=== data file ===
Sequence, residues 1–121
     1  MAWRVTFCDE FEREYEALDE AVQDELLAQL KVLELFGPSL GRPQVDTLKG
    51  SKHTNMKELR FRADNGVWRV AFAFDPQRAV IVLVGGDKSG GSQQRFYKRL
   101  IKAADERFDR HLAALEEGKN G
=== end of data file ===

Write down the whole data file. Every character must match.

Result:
Sequence, residues 1–121
     1  MAWRVTFCDE FEREYEALDE AVQDELLAQL KVLELFGPSL GRPQVDTLKG
    51  SKHTNMKELR FRADNGVWRV AFAFDPQRAV IVLVGGDKSG GSQQRFYKRL
   101  IKAADERFDR HLAALEEGKN G